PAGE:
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The champions from Rio 2016 edged out India in a 4-3 contest at the Oi Hockey Stadium; Grace Balsdon’s final goal clinched victory for Team GB to deliver the nation’s 52nd medal in Tokyo, which exceeds the 51 they won at Beijing 2008

Last Updated: 06/08/21 6:24am

The London 2012 bronze medallists had to dig deep to return home from Tokyo with a bronze medal

The London 2012 bronze medallists had to dig deep to return home from Tokyo with a bronze medal

Great Britain’s women won the bronze medal at Oi Hockey Stadium after beating India 4-3 in a thrilling clash at the Tokyo Olympics.

Although the Rio 2016 champions relinquished their title following an emphatic semi-final loss to Holland on Wednesday, they dug deep and secured a third successive Games podium finish.

The London 2012 bronze medallists had to dig deep, though, leading 2-0, then falling behind before winning it in the final quarter with Grace Balsdon’s penalty corner clincher.

Ellie Rayer opened the scoring, then Sarah Robertson made it 2-0, only for India to score three times in four minutes during a frantic second quarter, with Gurjit Kaur scoring twice and Vandana Katariya also netting.

Captain Hollie Pearne-Webb equalised in the third quarter, before Britain showed composure to go back in front and close out a fine victory that sparked scenes of wild celebration.

After a scoreless first quarter, Britain needed less than a minute of the second quarter to deservedly go ahead.

Rayer left the Indian defence floundering with a surging run, and she was awarded the goal, despite her cross being heavily deflected past India’s goalkeeper.

Ansley then hit the post as Britain continued to impress, and they went 2-0 up following a brilliant turn and shot by Robertson.

Goalkeeper Maddie Hinch made a sharp reflex save following a rare India attack, but the deficit was then reduced after Kaur struck from a penalty corner, before she repeated the feat two minutes later, making it 2-2.

Remarkably, India added a third goal in four minutes through Katayira. It went to a video referral before being allowed to stand, and Britain suddenly had a huge fight on their hands, trailing 3-2 at half-time.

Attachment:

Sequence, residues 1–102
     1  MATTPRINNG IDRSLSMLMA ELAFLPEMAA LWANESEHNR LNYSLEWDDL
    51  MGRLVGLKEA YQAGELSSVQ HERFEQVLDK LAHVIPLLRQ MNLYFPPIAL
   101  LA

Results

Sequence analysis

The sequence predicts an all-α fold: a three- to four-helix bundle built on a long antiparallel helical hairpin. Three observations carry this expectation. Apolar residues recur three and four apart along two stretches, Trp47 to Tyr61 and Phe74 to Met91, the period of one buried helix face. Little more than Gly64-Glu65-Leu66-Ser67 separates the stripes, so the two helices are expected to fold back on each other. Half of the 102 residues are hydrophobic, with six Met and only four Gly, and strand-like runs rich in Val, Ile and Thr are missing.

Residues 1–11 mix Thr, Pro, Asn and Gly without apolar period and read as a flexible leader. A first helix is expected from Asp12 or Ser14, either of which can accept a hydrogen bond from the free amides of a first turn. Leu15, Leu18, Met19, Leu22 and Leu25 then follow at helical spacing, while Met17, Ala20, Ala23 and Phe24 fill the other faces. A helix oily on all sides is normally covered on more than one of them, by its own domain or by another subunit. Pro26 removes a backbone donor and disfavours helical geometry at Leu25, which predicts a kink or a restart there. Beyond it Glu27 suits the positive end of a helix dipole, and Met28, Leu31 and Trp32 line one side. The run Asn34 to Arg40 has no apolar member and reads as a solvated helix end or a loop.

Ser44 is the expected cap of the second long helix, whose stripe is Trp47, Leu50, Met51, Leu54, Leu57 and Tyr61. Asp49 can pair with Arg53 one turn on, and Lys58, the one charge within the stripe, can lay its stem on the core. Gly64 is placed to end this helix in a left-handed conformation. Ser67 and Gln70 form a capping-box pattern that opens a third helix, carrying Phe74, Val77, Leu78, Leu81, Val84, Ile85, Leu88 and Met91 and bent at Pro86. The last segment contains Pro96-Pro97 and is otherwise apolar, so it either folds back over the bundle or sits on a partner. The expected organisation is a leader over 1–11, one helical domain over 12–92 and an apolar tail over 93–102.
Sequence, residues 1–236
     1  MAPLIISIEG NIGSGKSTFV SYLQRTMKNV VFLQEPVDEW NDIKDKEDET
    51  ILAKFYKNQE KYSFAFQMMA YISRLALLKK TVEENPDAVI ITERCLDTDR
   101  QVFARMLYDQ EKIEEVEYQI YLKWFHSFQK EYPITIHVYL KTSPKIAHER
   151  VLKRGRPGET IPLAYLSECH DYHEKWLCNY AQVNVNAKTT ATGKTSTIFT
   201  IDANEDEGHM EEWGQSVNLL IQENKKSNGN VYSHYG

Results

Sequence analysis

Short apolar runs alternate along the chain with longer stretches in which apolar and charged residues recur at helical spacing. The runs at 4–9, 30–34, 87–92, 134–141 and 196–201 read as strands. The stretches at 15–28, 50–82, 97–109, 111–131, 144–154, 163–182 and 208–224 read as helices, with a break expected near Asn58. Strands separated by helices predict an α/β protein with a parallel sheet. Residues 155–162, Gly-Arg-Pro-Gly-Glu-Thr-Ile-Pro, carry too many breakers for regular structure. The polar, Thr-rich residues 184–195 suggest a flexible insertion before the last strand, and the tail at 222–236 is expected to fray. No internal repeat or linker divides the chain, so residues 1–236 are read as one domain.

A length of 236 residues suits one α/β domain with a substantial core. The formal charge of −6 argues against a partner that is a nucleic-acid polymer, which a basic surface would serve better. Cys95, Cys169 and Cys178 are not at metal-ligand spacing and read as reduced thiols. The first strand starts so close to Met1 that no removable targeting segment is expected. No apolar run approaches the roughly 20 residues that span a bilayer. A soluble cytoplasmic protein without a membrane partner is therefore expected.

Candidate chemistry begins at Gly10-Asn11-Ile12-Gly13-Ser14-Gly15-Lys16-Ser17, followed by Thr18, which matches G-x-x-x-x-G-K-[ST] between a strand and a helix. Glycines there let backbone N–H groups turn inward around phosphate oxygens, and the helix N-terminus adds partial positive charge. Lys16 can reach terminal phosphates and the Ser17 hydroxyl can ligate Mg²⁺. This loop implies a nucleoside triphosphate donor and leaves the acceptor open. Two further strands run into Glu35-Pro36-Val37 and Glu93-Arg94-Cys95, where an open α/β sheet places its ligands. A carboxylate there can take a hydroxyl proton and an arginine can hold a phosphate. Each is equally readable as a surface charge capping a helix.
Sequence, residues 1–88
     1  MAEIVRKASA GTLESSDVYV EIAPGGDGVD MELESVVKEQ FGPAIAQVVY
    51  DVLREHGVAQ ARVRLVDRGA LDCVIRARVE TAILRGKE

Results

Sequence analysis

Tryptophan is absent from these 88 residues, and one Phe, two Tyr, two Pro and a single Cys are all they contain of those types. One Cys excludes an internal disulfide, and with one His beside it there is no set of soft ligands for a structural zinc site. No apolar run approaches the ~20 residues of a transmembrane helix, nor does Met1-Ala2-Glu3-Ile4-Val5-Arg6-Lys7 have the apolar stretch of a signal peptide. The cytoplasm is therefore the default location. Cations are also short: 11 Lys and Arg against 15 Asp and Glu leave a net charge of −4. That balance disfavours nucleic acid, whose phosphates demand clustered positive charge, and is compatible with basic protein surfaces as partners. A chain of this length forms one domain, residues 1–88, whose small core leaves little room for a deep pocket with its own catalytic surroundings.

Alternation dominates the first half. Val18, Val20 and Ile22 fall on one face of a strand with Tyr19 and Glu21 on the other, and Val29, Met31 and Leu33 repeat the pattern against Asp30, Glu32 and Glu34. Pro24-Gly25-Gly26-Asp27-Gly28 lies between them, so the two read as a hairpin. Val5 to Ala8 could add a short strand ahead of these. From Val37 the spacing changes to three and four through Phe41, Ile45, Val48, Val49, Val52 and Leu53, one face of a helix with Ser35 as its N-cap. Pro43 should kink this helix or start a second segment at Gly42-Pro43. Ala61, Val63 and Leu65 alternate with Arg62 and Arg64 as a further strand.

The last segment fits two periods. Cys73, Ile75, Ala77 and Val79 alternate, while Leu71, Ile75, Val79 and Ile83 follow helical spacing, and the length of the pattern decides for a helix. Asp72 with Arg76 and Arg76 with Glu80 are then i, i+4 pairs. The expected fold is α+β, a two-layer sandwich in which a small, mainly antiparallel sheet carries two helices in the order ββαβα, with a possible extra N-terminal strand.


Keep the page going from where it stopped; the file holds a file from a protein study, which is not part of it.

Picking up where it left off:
Britain needed to regroup after such a demoralising end to the second quarter, and they responded impressively, establishing a strong platform before Pearne-Webb hit a powerful shot into the corner of India’s net.

Two more penalty corners put the reigning Olympic champions under pressure, though, and Hinch made a fine save as a thrilling encounter continued at stamina-sapping pace, tied 3-3 entering the final quarter.

The British team had to keep calm in the face of an undulating medal match

The British team had to keep calm in the face of an undulating medal match

Then Balsdon struck, Britain kept their composure, and India could find no way back as the bronze medal was secured following an epic encounter.

This bronze medal was the nation’s 52nd medal in Tokyo, meaning Team GB have now exceeded the 51 they won at Beijing 2008.

“I’m incredibly proud of this squad. We’ve got 16 here who are going to get a medal, our reserves and those back at home and we’ve really relied on everyone in this squad,” Pearne-Webb.

“I wish every single one of them was able to get a medal, that’s why we’re here, that’s why we’ve achieved it.

“It’s been a tough five years. Really, really tough. We’re all still here because we all had that little bit of belief deep, deep down.

Captain Hollie Pearne-Webb described the pride she felt for every member of the squad

Captain Hollie Pearne-Webb described the pride she felt for every member of the squad

“There have been times over the years where we’ve doubted if we could achieve this, I’m just so pleased and proud of everyone that we have.

“After winning and achieving the biggest dream, that in itself is the biggest challenge. To bring a group of girls that have watched that, altogether, there have been so many challenges along the way.

“That’s both collectively as a team and as the individuals as well.

“I’m so proud of all the girls, the whole squad, the whole support staff that have been involved.”





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